When it comes to children dressing up and acting like adults, she warns that this can be quite detrimental to both the child’s mental health as well as their relationship with parents. “Your child may believe that it is normal for them to talk or behave in the exaggerated manner that earns them views on social media. Objectifying and adult-ifying them at such an early age isn’t something I’d encourage. Children should be left to be children,” she says. Further, many parents push their children to perform beyond their comfort, for the sake of social media likes and views. “At a very early age, children have no concept of consent. They will do as their parents ask, because they look up to and crave the approval of their parents. However, they are conscious about what they are comfortable with and what they aren’t. Constantly pushing a child can breed resentment in them and also give them the idea that it’s okay for others to not respect their limits and boundaries as well,” she adds.
Love over likes
Arti Shroff, a psychotherapist and psychologist, says that the child will subconsciously associate his/her self-worth and self-esteem to likes and views on social media. This can leave a lasting impression on their young minds, while receiving inordinate adulation and recognition (when a video goes viral, for instance) can promote narcissistic traits. “With the likes and fame also come the pitfalls of social media, such as trolling and cyber-bullying. Exposing your child to an ecosystem they are ill-prepared for is unfair to the child and could negatively affect self-image,” she asserts.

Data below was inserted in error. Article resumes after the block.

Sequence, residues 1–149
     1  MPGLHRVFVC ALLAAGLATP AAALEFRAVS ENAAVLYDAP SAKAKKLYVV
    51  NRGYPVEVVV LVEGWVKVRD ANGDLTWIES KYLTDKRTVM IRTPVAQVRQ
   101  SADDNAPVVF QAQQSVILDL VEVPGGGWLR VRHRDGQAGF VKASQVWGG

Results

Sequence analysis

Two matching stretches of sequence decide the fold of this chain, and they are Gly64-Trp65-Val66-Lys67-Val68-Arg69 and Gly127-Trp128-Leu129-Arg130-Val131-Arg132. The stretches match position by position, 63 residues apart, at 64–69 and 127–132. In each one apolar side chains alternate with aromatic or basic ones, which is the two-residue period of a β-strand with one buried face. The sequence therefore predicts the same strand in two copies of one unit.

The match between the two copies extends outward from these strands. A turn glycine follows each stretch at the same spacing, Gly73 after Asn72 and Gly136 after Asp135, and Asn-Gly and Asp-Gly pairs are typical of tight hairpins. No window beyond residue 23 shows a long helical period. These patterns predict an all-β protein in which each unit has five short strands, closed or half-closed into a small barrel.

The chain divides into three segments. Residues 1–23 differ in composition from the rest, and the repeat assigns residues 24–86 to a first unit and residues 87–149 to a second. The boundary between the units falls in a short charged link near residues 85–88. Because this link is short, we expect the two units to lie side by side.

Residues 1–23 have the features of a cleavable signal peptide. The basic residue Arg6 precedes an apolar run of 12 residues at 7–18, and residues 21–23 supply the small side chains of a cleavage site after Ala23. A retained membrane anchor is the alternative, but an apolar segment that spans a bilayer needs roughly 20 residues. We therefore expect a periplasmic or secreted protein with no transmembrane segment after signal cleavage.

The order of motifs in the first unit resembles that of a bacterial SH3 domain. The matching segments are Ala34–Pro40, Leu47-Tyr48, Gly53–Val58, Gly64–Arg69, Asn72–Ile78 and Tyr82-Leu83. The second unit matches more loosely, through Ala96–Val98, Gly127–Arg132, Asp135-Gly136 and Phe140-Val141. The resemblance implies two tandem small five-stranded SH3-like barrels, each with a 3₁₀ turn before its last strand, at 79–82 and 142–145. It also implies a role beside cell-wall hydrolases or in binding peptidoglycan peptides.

Safety comes first
Posting content about children online can affect their self image
There are many ways that content featuring young children can be misused online, cautions Gautam S Mengle, executive editor, CySpy India, a platform that shares news related to cybercrime. “In the case of very young children, their faces can be morphed onto the bodies of terminally ill children to be used for donation-based scams. Online predators are another major cause of concern as there are many ways to download and misuse uploaded pictures and videos. A few days ago, the CBI had raised 23 FIRs against more than 70 people for circulating content related to child sexual abuse. There were WhatsApp groups created for such material to be shared. Child sexual abuse is a very broad term — it doesn’t only involve minors engaged in explicit acts but encompasses everything that a paedophile finds arousing,” he says.